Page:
'It's Going To Get
Says Of Wait Times
BY KRISTEN BUCKLES
Please excuse the after-school delay -- improvements are underway in Mosheim.
That's the request officials with the Greene County School System are making of parents or other family members who drop off their students at Mosheim Elementary and Middle School and pick them up in the afternoon.
The procedure for families to drop-off and pick-up students at Mosheim is very different from the procedure used in past years. As a result, the waiting lines in both morning and afternoon have been very long.
Some parental complaints have been heard in the community since the first full day of school for the county system on Friday, Aug. 9.
Some complaints have been made directly to Director of Schools Dr. Vicki Kirk or other Central School Office staff. Two complaints have come to The Greeneville Sun.
The concerns have focused mainly on the length of time parents are having to wait in line to drop off and pick up their children this school year.
Callers to the Sun have said the waiting time in line for dropping off students or picking them up can be 45 minutes -- or a good deal more than that.
One caller said some parents are now getting in line more than an hour before school opens to try to be near the front.
Other related problems that have been mentioned in the calls to the Sun have been:
* It takes so long to drop off children in the morning that some children who normally have breakfast at school before classes start don't have enough time to do that. A father told the newspaper that that has been the case with his two daughters ever since last Friday.
* The wait required for dropping-off children is so long that it can make the parent driving the vehicle late for work at his/her job.
The caller mentioned above said that his wife, along with their two daughters, got in line about 7:15 one day early this week. The school opened at 7:20, and the children were dropped off at 7:50. But the mother's reporting time for her shift at work is 7:45.
* Waiting so long in line in the current hot weather makes operating the vehicle's air conditioning system pretty much necessary. But doing so is sometimes causing vehicles to overheat, besides the gasoline expense.
STUDENT SAFETY, SECURITY
School officials explained in interviews that student safety and security is the key reason behind the changes in procedure that have been made this year.
Mosheim Elementary and Middle School, which serves children from Pre-K through eighth grade, is the largest school facility in the county, with combined enrollment of about 1,000 students.
School officials believed that it would improve student safety if a way could be found to keep family-operated vehicles dropping off and picking up children from competing for space with the large school buses that also bring many students to school and take them home again.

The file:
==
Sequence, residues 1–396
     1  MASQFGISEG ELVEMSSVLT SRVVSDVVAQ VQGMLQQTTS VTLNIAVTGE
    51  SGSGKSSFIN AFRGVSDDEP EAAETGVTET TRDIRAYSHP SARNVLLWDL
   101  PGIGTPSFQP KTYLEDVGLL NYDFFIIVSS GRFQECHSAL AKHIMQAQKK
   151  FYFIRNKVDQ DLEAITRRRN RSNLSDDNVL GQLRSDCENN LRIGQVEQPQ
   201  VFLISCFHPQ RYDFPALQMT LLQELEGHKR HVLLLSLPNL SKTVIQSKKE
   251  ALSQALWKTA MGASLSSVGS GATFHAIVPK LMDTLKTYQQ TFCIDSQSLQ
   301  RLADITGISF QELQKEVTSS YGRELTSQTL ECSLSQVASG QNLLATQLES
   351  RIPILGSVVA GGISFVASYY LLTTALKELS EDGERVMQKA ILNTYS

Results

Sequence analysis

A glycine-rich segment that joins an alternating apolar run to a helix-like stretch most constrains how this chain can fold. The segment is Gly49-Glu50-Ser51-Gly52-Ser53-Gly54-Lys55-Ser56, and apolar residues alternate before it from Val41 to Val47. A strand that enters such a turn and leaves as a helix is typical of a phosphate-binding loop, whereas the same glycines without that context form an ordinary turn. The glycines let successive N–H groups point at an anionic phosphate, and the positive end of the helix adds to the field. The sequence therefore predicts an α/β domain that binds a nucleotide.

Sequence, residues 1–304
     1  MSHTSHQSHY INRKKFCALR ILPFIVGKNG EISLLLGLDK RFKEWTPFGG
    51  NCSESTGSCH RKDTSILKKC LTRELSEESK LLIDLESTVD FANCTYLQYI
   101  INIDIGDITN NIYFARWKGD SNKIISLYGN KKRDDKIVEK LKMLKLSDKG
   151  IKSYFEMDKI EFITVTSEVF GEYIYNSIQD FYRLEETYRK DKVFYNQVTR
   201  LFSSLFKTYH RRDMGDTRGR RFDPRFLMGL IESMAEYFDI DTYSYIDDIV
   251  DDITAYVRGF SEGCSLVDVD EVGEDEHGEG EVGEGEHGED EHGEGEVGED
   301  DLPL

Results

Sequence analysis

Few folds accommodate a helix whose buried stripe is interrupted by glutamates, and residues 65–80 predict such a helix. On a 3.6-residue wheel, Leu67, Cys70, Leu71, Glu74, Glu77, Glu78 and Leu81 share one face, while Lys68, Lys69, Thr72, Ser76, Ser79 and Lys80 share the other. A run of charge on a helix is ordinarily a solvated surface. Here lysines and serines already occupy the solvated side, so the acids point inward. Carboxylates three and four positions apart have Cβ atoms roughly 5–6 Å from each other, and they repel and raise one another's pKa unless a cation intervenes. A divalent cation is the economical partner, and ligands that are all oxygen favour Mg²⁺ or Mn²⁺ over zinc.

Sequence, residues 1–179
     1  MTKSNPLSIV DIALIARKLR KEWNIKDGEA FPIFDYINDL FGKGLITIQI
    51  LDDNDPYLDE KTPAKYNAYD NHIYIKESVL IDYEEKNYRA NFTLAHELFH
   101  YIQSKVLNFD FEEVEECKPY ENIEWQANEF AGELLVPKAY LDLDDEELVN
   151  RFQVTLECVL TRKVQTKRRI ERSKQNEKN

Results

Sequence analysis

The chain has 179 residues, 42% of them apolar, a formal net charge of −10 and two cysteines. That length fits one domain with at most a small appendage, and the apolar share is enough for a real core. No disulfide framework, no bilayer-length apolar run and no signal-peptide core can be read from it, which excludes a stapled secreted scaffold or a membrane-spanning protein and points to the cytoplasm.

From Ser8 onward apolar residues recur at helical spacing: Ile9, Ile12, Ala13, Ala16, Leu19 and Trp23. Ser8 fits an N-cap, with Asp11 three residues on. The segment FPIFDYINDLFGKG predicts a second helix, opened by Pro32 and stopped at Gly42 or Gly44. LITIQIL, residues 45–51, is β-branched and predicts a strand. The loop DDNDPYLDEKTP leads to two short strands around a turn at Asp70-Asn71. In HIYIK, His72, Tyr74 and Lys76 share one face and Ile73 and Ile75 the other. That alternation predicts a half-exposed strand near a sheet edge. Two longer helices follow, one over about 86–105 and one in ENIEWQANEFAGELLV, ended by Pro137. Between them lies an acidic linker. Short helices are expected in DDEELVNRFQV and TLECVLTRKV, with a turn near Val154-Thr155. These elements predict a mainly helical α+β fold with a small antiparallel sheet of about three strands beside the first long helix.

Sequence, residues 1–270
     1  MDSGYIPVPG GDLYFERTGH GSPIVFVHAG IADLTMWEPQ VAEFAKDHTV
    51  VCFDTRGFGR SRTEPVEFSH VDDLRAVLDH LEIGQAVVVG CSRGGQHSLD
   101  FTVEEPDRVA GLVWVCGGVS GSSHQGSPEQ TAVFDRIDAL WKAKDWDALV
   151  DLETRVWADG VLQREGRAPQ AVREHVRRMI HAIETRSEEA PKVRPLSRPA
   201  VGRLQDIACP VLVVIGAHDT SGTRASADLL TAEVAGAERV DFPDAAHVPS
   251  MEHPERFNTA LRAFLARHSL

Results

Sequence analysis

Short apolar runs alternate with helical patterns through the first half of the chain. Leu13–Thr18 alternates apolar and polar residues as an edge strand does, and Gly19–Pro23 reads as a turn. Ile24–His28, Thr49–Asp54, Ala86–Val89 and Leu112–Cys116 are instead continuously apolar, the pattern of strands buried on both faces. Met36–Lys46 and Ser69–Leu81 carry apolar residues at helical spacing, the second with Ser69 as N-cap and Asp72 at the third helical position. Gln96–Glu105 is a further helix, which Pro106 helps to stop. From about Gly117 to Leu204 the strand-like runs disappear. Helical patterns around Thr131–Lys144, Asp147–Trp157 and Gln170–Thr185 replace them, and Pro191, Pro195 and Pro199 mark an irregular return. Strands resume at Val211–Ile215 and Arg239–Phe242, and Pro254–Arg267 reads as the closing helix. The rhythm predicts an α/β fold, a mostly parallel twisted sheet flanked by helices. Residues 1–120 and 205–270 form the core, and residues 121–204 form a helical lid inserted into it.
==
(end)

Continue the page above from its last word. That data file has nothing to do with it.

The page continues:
So the school system opened a gravel roadway into the back entrance of the school for family drop-offs and pick-ups.
The main entrance to the school is from Mosheim's Main Street. The new, back entrance comes off Blue Springs Parkway.
"It's definitely an improvement," said Principal Wendy Carpenter. "We are loading [family-operated vehicles] from the back now, so as far as a safety issue, it's a lot easier. [And] it's a bigger space to hold more cars back there."
The plan for the back entrance also came from a desire to address the problem of backed-up traffic that had long plagued Mosheim's Main Street at the end of each school day, Kirk said.
KIRK: 'IT'LL GET SMOOTHER'
"It's the first couple days that we're doing this new procedure," Kirk explained on Monday in an interview. "It'll get smoother as we go along."
The director also noted that the school system is working with the Tennessee Highway Patrol and the Greene County Sheriff's Department to devise the best and safest methods of handling the drop-off and pick-up traffic.
Flashing lights and signs will soon be installed on Blue Springs Parkway where school traffic now enters the back of the school property.
"It's not been perfect, and we've known it hasn't," Kirk said. "We know it's an issue, and we are working on it."
Carpenter noted that the delays experienced on Friday were made worse by a car that broke down at the front of the line.
There were also an extra 100 vehicles that joined the line, she said, because it was the first day of school. More parents tend to pick up their children on the first day, she explained.
In addition, she said, the Boys & Girls Club of Greeneville & Greene County buses did not run that day. For that reason, the parents of the children who normally ride those buses to the Boys & Girls Club after school needed to come to the school to pick up their children.
NEW NUMBER SYSTEM
The principal also said that the school is using a new number system for matching children to their appropriate vehicle, and getting that new system working smoothly is taking some adjustment time.
In the afternoon, parents begin lining up outside the school by 1:30 p.m. out of a desire to be at the front of the line, Carpenter said.
However, by Tuesday, after students had become more familiar with the new system, the car line was cleared by 3:20 p.m., just about 35 minutes after students were released at 2:45, she said.
"We get the first 50 cars out in no time [although] it did take a bit longer [Tuesday] because it was pouring down rain," she said.
"It's going to get better -- there is no doubt in my mind it will get better," Carpenter added.
"Be patient with us -- that's all I ask. If it is not working in two weeks, we will definitely take care of it."